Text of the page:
Infusions of this plant have been used to build stamina and immunity and it has been known to give a mental health boost, energising one mentally and physically. With its slight mint top note and camphor undertones, Resurrection Bush rejuvenates, like the African brush with the morning’s dew.
Blend Resurrection Bush with Rooibos, Honeybush or Lemon Bush. Great with a little honey and a slice of orange.
Traditionally Resurrection Bush has been used medicinally – leaves and twigs are boiled and drunk as a cold remedy, also for influenza, mastitis, backache, kidney disorders, haemorrhoids, abdominal pain and to lower blood pressure. The smoke is inhaled for chest complaints and asthma, or is used to treat urinary tract infections. A salve can be used on burns and wounds; and mastication of leaves for scurvy, halitosis and gingivitis.
Resurrection Bush (Myrothamnus flabellifolia) can be found growing on rocky outcrops across South Africa, Zimbabwe and all the way up to Kenya although it’s unlikely you will notice it as for most of the year, it can easily be overlooked as just a bunch of dry, dead twigs. During the harsh, dry months, the bush goes into hibernation, drawing in its leaves and giving the appearance of being completely lifeless.
However, as soon as the rains begin, bright green leaves begin to unfurl within hours like magic – hence its name Resurrection Bush. Within a few short months, the plant grows, flowers, sets seeds before returning to its protective mode.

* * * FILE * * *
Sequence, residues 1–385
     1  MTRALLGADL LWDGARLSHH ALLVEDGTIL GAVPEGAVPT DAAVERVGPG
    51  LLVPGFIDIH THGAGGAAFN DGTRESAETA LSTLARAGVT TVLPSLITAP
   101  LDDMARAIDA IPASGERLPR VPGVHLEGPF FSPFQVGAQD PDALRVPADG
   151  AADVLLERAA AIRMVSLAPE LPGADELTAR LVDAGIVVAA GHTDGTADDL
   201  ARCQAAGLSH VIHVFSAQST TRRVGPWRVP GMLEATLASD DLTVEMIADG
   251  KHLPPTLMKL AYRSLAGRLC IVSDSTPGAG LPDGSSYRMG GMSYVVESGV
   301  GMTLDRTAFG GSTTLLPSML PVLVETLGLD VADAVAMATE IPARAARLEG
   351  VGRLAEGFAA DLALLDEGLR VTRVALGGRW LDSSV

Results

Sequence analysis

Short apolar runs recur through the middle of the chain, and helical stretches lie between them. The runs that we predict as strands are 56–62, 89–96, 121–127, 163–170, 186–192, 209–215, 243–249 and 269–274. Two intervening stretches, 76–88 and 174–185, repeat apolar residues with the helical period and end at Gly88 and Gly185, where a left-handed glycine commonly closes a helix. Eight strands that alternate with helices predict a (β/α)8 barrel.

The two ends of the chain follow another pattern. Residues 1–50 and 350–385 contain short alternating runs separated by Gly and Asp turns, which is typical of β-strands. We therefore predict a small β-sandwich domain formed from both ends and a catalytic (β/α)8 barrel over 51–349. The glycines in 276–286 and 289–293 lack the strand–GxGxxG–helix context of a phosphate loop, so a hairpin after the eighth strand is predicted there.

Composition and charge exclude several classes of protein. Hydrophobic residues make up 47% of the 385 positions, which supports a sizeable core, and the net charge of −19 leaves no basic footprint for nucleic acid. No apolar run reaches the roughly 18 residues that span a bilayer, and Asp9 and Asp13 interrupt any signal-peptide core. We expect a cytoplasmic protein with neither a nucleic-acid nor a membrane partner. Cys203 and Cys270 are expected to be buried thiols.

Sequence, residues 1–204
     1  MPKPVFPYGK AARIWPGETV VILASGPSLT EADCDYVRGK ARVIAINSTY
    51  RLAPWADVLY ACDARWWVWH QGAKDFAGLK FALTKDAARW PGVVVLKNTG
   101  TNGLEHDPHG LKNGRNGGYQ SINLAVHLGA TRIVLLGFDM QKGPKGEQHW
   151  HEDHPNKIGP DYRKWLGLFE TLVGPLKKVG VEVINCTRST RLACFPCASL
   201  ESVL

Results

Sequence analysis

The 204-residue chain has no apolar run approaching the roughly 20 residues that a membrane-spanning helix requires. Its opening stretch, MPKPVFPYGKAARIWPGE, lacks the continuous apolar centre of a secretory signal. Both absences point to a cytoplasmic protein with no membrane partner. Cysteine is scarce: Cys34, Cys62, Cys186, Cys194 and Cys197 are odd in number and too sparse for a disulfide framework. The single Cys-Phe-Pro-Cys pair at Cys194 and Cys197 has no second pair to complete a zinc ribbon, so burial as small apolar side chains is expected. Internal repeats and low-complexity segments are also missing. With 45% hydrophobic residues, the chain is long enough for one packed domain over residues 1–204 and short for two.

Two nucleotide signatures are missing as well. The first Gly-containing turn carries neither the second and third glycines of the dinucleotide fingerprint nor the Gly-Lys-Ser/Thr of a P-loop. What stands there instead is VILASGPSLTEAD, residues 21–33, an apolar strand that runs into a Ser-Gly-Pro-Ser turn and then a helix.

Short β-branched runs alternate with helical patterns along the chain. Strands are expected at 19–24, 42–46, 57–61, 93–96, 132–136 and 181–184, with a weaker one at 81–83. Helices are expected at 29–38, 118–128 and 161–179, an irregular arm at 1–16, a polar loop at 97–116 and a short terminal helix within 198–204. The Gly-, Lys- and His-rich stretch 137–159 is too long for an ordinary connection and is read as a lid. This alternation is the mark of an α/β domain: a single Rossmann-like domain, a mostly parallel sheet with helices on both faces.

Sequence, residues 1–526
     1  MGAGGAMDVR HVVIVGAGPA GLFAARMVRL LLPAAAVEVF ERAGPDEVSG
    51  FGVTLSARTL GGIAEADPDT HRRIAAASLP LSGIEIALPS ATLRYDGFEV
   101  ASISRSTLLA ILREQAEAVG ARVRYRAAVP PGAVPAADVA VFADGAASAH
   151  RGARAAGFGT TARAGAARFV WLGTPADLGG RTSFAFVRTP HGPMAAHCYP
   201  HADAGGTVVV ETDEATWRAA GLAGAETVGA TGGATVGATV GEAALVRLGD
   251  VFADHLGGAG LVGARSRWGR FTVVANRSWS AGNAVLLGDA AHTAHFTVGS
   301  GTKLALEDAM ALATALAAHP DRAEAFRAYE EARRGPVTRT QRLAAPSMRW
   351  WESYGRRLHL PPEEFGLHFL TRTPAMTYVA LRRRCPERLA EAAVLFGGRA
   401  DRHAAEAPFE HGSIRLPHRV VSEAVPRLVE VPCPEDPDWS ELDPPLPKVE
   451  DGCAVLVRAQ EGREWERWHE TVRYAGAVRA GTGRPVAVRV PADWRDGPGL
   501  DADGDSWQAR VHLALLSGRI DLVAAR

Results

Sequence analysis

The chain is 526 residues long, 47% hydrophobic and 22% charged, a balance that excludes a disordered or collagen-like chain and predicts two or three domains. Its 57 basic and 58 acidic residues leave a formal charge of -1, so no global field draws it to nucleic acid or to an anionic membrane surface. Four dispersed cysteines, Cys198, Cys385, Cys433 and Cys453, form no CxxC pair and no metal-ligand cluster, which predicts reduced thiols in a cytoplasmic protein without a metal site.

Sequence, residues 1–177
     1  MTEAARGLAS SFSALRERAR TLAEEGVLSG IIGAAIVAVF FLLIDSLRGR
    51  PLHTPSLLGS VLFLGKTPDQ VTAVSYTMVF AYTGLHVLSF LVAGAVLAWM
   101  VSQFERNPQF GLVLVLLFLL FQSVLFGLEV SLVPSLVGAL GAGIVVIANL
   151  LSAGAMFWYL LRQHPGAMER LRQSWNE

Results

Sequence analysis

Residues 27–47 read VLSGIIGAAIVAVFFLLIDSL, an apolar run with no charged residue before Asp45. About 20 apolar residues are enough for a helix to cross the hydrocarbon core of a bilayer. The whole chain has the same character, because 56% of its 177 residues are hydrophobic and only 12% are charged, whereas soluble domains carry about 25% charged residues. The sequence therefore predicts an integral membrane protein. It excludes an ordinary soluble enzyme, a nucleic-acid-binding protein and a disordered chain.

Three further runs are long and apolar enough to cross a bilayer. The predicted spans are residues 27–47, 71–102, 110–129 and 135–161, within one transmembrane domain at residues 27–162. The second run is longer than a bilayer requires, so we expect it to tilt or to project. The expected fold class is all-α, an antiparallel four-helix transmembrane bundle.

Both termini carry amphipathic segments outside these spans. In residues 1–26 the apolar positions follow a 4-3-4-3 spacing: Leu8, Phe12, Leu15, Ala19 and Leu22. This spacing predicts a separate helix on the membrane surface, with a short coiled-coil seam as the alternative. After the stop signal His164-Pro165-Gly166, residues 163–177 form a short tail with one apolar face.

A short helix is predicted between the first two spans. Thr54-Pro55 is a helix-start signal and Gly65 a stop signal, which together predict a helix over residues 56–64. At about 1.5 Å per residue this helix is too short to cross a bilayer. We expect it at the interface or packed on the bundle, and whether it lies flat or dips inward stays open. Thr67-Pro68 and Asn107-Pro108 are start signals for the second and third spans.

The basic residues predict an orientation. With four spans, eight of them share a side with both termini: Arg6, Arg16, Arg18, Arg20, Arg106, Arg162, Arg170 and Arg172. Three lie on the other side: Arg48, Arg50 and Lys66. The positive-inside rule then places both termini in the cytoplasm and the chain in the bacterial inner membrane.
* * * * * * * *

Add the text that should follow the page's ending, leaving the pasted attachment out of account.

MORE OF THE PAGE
Because of its almost miraculous ability to ‘return from the dead’, the resurrection bush can be seen symbolically as a beacon of hope and endurance. Its ability to survive and thrive despite extremely harsh conditions has enabled it to carve an ecological niche market for itself. We have no doubt it will do the same in economic markets as well.
Difficult to cultivate, Resurrection Bush is best wild-harvested. Our organic Resurrection Bush is sustainably wild-harvested by women living in Chivi District and other remote areas of Zimbabwe, helping them to earn new incomes and support their families.
Cosmetic extracts have been developed which are used in products for protecting dehydrated and stressed skin. The dried plant is used as a flavour in gin and culinary salt/spice. Could be used in a meat smoker, or as a cold brew or iced tea ingredient.